Create your own conference schedule! Click here for full instructions

Abstract Detail

Paleobotanical Section

Tomescu, Alexandru M.F. [1], Cuneo, N. Ruben [2], Escapa, Ignacio H. [2].

Reconstructing a giant isoetalean lycopsid from the Early Permian of Argentina (Rio Genoa Formation, Patagonia).

Late Carboniferous - Early Permian lycopsids are known throughout South America (Argentina, Brazil, Uruguay, Peru, Bolivia) from stem adpressions and casts.  Many of these fossils are assigned to morphotaxa whose taxonomy is obscured by the fragmentary character of specimens and small size of collections.  The Rio Genoa Formation comprises deltaic deposits hosting abundant Early Permian plant assemblages.  Extensive sampling has yielded lycopsid collections from ten localities (corresponding to several stratigraphic levels) allowing for assembly of a whole-plant concept for an isoetalean lycopsid.  The reconstruction is based on (1) physical connection between specimens; (2) continuous series of leaf base morphologies (within- and between specimens and localities); (3) patterns of association of similar plant parts (stems, leaves, spores); (4) previous reports on plant size and spores.  The plant has stems up to 60cm in diameter, with persistent ligulate leaves.  Rhomboidal leaf bases lack well-defined leaf scars and have long, narrow infrafoliar bladders.  Leaves are long (>30cm) and linear; the lower part of the lamina, appressed to the stem, is ca. 1 cm wide, 3-4cm long, parenchymatous; distally, the lamina is up to 4 mm wide, coriaceous.  Characteristic teeth line the leaf margin; they are denser and longer (1.5mm) close to the base of the lamina, and widely spaced, shorter (0.5mm) distally.  Micro- and megasporangia produced along bisporangiate fertile zones are ovoid-elongate, have longitudinal dehiscence slits, similar sizes (20-27 x 6-8.5mm), and contain trilete spores.  Megaspores are circular, ca. 1 mm diameter, subgulate, and densely baculate-spinose on the distal surface and around the contact area.  Microspores are circular-subtriangular, zonate, 60-70µm in diameter.  The Rio Genoa lycopsid is an arborescent plant with a cormose rhizomorph and no documented branching.  Although anatomy is unknown, the size of the plant is consistent with secondary growth.  This plant displays all the characters of the isoetalean family Chaloneriaceae.  The Rio Genoa plant is similar to some incompletely characterized lycopsids, such as Angaran taxa and plants from the Rio Bonito Formation (Permian, Brazil) which combine features of Brasilodendron and Lycopodiopsis, two morphogenera based on vegetative stem adpressions and casts.  Because such morphogenera are notoriously artificial taxa and since the Rio Genoa lycopsid is a whole-plant concept (the first among Late Paleozoic Gondwanan lycopsids), erection of a new taxon may be necessary.  Additional whole-plant reconstructions of lycopsid taxa are needed to understand the diversity of the clade in South America, with implications for resolution of Late Paleozoic lycopsid phylogeny worldwide.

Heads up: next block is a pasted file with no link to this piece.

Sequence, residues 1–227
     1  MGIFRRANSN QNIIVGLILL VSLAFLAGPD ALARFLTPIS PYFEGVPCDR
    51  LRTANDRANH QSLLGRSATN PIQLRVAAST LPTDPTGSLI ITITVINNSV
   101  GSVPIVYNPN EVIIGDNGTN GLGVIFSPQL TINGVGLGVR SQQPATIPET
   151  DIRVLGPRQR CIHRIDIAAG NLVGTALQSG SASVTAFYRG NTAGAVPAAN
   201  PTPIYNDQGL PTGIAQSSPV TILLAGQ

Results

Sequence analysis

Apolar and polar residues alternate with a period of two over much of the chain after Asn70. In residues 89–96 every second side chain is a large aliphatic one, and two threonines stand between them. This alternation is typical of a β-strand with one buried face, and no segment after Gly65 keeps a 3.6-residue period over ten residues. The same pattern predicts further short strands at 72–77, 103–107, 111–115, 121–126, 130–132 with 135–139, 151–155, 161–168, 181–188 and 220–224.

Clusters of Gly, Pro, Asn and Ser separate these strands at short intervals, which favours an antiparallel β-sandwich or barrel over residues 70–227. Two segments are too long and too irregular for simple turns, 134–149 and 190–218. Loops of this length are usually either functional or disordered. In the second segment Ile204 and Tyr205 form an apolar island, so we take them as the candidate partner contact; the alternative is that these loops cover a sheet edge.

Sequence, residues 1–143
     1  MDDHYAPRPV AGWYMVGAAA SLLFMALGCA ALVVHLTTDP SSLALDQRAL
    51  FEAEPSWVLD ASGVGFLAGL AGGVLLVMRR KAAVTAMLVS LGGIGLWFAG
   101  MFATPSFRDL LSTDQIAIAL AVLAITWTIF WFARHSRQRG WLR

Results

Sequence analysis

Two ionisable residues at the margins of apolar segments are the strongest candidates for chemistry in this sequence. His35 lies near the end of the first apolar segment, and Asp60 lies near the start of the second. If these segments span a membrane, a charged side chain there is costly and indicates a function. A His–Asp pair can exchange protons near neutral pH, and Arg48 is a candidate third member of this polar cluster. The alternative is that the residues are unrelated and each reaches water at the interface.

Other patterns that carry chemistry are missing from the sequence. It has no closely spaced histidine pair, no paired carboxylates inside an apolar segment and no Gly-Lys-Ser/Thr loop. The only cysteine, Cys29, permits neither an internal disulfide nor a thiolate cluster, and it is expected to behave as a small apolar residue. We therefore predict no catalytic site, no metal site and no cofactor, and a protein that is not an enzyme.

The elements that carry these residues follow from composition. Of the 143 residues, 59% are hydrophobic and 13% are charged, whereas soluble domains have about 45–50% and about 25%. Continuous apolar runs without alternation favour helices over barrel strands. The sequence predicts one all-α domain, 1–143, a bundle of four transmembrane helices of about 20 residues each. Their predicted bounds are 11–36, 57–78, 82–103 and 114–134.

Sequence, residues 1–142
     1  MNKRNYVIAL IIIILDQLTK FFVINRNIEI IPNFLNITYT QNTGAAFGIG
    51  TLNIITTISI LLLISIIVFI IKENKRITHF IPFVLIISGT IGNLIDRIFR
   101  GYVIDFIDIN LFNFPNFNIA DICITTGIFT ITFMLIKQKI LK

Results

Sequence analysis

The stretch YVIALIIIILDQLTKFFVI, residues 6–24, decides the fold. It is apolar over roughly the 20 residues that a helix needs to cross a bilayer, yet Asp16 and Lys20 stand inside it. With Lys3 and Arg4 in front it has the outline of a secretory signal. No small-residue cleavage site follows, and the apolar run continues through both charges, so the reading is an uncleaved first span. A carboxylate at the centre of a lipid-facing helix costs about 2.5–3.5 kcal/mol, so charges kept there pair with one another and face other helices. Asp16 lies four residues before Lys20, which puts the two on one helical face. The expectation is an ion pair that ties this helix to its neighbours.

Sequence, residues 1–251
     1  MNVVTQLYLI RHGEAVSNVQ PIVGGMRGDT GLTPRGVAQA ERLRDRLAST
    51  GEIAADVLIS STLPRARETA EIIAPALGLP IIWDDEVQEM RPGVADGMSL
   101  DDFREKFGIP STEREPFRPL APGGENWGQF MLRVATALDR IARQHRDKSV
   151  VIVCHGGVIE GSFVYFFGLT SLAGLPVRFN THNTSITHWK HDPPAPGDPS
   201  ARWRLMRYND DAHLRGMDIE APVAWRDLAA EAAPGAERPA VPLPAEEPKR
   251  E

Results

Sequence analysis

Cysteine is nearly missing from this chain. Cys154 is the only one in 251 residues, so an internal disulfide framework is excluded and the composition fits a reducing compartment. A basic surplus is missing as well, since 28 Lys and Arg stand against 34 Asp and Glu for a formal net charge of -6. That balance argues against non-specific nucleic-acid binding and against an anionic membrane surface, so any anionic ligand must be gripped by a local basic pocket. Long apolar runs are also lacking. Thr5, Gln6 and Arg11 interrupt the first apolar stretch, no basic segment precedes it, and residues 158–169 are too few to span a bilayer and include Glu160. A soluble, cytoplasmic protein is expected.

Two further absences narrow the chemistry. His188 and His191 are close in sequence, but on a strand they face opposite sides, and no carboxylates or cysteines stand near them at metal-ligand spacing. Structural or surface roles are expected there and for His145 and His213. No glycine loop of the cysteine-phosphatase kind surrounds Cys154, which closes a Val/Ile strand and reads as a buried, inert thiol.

Log in to add this item to your schedule

1 - Humboldt State University, Department Of Biological Sciences, 1 Harpst Street, Arcata, CA, 95521, USA
2 - Museo Paleontologico "Egidio Feruglio", Av. Fontana 140, Trelew, Chubut, Argentina

Rio Genoa
whole-plant reconstruction.

Presentation Type: Oral Paper:Papers for Sections
Session: 21
Location: Whitewater/Grove
Date: Tuesday, July 29th, 2014
Time: 9:15 AM
Number: 21004
Abstract ID:750
Candidate for Awards:None

Copyright 2000-2013, Botanical Society of America. All rights reserved